Given this disappointing performance, it is hard to see the Government achieving the 2.5 per cent annual increases in productivity built into its projections. The IFS notes that this would be more than private-sector service industries have achieved, though less than the former nationalised industries managed when they were privatised.

So what should governments do? That will be an immediate question for the next British government after the election. Given the Treasury's failure in the past, it is hard to believe it can succeed in the future. I suppose it could massage the figures, but of course that does not tackle the real problem.

There are only two possible ways forward. One is to hand over the functions to the private sector, and try to improve its own monitoring and specification of contracts so that benefits of greater efficiency really do accrue to the citizens. That is what may happen in the end. But this government is not going to do that, and in any case I'm not sure it is necessarily the best way forward. It is very difficult to specify quality service standards sufficiently precisely to make sure that the taxpayer does get value for money, and managing a web of service providers may be more difficult that managing a not-too-centralised bureaucracy.

The other is to apply the techniques developed by the most efficient private-sector companies to drive productivity upwards. And what are they?

Well, there is no single model, no single "right" way of boosting productivity. Instead there is a constant flux of experiment, of companies looking at the detail of their procedures and figuring out how to do things better.

Sometimes improvement is top-down. Ryanair is a good example of a supremely efficient Stalinist company, simplifying every detail of its working systems again and again to drive down costs. Its model is not so different from that of William Gladstone, still the longest-serving Chancellor (he did two chunks) and famous for his view that public finance should be on the principle of "saving candle ends". Maybe Ryanair's management style is Gladstonian rather than Stalinist.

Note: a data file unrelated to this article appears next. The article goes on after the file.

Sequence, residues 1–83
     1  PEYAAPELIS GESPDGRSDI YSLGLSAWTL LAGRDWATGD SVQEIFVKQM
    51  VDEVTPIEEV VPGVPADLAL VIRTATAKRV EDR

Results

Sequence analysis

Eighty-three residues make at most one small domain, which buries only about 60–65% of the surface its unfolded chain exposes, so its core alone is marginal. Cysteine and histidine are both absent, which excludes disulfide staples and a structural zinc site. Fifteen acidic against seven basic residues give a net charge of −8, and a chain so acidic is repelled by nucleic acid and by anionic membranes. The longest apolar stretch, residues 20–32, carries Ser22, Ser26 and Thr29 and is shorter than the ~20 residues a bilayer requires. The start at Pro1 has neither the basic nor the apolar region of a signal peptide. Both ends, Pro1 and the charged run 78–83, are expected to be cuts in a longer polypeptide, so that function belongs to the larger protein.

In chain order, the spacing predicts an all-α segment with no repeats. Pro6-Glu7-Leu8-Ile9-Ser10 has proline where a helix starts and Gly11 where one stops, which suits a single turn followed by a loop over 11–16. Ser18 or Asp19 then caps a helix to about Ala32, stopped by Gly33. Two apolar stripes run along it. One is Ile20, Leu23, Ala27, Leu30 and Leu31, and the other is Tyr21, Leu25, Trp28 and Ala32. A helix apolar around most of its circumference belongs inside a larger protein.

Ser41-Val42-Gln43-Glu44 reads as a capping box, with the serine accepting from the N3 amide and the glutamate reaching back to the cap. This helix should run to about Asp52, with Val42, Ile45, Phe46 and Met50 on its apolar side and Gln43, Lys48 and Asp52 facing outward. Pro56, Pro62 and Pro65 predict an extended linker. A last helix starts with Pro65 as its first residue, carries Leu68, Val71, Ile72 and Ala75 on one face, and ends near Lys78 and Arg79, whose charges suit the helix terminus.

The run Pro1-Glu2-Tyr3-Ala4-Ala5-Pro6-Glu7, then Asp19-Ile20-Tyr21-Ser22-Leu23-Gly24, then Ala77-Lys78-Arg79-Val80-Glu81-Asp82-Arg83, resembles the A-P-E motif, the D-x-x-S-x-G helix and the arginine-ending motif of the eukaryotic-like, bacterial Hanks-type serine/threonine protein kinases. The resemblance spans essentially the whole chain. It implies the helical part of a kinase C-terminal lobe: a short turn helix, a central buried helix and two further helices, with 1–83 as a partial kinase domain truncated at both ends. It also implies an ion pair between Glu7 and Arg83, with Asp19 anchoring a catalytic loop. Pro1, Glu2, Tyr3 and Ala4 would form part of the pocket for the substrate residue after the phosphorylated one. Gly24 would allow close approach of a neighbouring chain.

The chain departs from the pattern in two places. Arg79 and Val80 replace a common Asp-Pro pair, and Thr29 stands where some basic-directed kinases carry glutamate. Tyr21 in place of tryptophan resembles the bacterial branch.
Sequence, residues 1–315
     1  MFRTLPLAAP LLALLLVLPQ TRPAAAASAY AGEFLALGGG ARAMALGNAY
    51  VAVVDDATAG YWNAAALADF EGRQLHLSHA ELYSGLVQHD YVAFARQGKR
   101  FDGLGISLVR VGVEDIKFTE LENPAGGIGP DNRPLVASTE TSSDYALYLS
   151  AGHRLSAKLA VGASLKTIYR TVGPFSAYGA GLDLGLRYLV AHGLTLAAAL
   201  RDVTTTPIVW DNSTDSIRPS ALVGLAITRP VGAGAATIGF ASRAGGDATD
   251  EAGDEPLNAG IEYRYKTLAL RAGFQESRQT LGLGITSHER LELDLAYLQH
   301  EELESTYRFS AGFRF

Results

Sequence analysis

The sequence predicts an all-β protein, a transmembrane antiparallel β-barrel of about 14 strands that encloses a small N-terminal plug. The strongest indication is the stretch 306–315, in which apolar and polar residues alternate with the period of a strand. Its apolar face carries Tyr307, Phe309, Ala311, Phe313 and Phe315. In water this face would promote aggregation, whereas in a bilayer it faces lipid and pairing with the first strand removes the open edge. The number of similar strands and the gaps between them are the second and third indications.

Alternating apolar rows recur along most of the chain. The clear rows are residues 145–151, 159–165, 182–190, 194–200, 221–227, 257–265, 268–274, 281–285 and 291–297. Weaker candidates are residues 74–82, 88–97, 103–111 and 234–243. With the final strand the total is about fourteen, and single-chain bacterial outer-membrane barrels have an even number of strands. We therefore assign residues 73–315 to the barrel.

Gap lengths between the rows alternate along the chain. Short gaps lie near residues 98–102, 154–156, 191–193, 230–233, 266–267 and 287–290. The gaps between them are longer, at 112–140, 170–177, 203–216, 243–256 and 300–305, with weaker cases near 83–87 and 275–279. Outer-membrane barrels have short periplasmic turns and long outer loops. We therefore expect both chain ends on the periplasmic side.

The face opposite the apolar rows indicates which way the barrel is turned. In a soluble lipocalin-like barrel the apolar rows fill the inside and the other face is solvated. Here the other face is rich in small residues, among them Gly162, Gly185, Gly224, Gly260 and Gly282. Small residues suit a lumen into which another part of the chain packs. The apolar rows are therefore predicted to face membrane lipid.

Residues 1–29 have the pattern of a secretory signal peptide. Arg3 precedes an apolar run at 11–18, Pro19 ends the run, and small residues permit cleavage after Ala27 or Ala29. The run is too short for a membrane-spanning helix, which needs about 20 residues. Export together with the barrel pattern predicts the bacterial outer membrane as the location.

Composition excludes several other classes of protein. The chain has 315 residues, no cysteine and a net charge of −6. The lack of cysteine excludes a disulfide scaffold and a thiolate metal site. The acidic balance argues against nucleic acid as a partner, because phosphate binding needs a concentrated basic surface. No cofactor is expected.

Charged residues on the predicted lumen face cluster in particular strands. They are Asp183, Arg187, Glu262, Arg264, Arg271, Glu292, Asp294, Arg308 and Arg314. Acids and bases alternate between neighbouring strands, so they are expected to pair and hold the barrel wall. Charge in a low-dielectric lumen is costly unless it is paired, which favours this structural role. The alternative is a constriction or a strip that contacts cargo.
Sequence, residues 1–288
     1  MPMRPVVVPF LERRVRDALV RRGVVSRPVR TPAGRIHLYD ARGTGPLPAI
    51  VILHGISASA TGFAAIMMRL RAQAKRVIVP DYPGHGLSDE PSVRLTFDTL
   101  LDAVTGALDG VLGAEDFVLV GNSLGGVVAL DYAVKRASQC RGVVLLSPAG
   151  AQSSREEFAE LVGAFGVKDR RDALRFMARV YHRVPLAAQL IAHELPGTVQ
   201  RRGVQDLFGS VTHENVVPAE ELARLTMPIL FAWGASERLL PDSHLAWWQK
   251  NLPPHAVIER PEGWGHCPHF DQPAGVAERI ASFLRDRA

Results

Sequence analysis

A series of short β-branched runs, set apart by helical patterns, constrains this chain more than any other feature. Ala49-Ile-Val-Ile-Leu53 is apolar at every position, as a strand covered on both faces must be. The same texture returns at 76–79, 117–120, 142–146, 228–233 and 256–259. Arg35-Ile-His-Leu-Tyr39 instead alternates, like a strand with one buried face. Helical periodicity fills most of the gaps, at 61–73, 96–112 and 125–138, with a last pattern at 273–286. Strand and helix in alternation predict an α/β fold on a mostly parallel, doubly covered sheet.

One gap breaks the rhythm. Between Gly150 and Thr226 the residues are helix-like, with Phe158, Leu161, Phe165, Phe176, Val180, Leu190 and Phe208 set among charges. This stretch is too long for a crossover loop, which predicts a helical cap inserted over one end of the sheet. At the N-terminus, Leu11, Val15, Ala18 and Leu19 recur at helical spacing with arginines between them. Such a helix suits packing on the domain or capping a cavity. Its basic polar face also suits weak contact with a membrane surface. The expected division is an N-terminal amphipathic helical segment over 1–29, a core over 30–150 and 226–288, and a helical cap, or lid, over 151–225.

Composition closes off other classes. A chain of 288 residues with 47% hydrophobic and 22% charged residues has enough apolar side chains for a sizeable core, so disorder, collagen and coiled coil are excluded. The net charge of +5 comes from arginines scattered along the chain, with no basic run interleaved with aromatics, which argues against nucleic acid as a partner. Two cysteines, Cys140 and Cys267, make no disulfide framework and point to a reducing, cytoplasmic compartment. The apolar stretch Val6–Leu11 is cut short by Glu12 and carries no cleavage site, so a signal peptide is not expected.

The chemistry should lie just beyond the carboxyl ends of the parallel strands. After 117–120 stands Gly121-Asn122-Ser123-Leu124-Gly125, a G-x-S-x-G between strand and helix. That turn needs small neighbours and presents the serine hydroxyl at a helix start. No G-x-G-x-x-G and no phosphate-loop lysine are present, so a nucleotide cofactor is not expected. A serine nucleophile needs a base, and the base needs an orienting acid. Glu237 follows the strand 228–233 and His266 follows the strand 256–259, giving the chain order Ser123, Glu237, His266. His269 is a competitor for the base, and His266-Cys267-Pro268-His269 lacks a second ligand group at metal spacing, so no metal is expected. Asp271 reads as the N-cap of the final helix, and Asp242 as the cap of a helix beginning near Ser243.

But in most well-run companies there is a constant give-and-take between top management, middle management and talented people on the service delivery end. A lot of the work is in making information systems work more efficiently so that the person on the end of the phone can do the deal - let's say it is approving a mortgage application - more quickly, with less need to refer up the management tree, and giving the customer a more pleasant experience.

But this only happens if there is a culture that keeps asking two questions. Can we do this more simply? Do we need to do this at all?

The public sector is very bad at this. Let me give an example. Prisoners on remand have, at huge expense, to be escorted through heavy traffic to the courts, often for a two-minute formal statement and often arriving late. Quite often their case is for some reason postponed. Then they have to be escorted back.

The much more rational way of doing things - what one might call the Ryanair approach - would be to reverse the process and move the courts to the prisons. Judges and barristers don't need to be guarded. Indeed you could afford to send them there in chauffeur-driven Bentleys for the price of shipping the defendants around. And they would not do a runner as the more enterprising criminals seem increasingly inclined to do.

Yet, with the main exception of Belmarsh in south-east London, the courts are separate from the prisons. Yet when judges suggest even less radical efficiencies to the Home Office, I am told they get nowhere. That is not the way the public sector is taught to think. Come forward, William Gladstone, we need you now.